MLB distributes $65 million in postseason shares to players

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MLB announced this year’s postseason shares, distributing $65,363,469.22 to teams that participated in the playoffs.

By winning the World Series the Giants receive 36 percent of that money for a total of $23.5 million and the World Series-losing Tigers will divvy up 24 percent or $15.7 million.

For reaching the LCS the Cardinals and Yankees each get $7.8 million to split and the A’s, Orioles, Nationals, and Reds each get $2.1 million for participating in the LDS. Even the Rangers and Braves get to split up nearly $1 million for making (and losing) the one-game Wild Card playoff.

Each team hands out a different number of “full” and “partial” playoff shares, so the numbers vary, but here are this year’s per-player breakdowns for full shares:

Rangers – $16,999
Braves – $19,609
Athletics – $34,325
Orioles – $34,825
Nationals – $37,045
Reds – $37,865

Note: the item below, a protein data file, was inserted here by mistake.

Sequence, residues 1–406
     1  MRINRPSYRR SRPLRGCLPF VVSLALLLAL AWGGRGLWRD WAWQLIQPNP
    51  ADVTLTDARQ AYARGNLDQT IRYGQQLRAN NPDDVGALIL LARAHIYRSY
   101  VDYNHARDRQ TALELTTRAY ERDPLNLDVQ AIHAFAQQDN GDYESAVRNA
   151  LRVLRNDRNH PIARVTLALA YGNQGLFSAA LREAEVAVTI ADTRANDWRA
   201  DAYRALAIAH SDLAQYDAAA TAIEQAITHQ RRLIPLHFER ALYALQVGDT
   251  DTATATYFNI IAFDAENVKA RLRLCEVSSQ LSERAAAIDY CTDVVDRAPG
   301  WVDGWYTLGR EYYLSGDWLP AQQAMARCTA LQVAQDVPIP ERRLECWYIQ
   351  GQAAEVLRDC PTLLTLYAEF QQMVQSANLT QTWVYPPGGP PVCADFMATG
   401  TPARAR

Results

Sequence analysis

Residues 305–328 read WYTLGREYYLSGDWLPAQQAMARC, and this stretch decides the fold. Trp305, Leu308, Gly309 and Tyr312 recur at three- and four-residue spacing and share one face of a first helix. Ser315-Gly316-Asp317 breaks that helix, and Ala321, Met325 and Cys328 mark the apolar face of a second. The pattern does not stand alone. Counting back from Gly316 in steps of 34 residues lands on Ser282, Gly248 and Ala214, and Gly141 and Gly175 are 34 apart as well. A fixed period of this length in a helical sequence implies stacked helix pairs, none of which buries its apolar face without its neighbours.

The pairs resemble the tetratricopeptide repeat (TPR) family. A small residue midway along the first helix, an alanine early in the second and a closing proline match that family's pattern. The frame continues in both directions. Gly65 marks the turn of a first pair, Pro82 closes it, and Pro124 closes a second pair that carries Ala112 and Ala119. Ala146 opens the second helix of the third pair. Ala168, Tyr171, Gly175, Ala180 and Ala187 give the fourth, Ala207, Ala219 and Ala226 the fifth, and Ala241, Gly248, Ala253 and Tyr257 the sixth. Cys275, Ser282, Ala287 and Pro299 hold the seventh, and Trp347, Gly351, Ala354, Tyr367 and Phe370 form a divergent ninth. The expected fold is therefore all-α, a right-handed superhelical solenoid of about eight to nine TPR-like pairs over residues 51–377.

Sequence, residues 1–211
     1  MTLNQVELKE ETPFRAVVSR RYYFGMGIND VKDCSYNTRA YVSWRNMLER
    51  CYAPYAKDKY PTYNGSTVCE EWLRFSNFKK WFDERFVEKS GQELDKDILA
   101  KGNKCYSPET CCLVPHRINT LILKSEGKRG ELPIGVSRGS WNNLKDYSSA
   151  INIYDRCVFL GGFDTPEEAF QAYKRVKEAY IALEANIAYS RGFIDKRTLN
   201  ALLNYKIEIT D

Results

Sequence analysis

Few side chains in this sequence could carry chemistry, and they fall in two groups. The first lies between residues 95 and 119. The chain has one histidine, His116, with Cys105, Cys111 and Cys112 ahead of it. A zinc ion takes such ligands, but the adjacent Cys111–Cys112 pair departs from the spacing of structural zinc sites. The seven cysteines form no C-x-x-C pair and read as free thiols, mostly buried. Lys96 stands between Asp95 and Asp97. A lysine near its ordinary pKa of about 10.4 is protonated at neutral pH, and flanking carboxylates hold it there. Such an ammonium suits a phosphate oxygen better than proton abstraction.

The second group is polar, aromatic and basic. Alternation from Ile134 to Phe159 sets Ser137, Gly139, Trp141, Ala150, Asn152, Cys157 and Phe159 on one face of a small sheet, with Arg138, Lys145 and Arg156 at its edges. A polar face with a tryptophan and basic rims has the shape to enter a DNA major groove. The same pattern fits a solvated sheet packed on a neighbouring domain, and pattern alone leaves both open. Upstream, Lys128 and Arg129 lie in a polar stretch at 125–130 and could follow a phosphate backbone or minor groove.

Yankees – $115,065
Cardinals – $122,558
Tigers – $284,274
Giants – $377,002

In other words, based on the revenue MLB generated during the playoffs the Giants each get a $377,002 bonus for winning the World Series or $92,728 more than the Tigers get for losing the World Series.

Nathan Eovaldi to make 2018 debut for Rays soon

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Rays manager Kevin Cash said that pitcher Nathan Eovaldi will join the starting rotation on Monday or Tuesday to face the Athletics, Marc Topkin of the Tampa Bay Times reports. Eovaldi’s rehab outing with Triple-A Durham went well, even though he gave up eight runs in four innings.

Eovaldi, 28, hasn’t pitched in the majors since 2016 after undergoing Tommy John surgery. He had arthroscopic surgery in March to remove loose bodies in his elbow. It’s been a long road back. Knowing Eovaldi needed to recover from surgery, the Rays signed him to a one-year, $2 million contract in 2017 that included a $2 million club option for 2018 that they exercised last November.

When Eovaldi last pitched, he ranked among baseball’s hardest throwers, particularly among starters. He averaged 97.1 MPH on his fastball in 2016. Among starters who racked up at least 100 innings that season, only the Mets’ Noah Syndergaard had a higher average velocity (97.9 MPH). It remains to be seen if he still has that velocity after undergoing two procedures on his elbow.

The Rays will be glad to have Eovaldi back. The club has sustained injuries to Jake Faria, Yonny Chirinos, and Jose De Leon.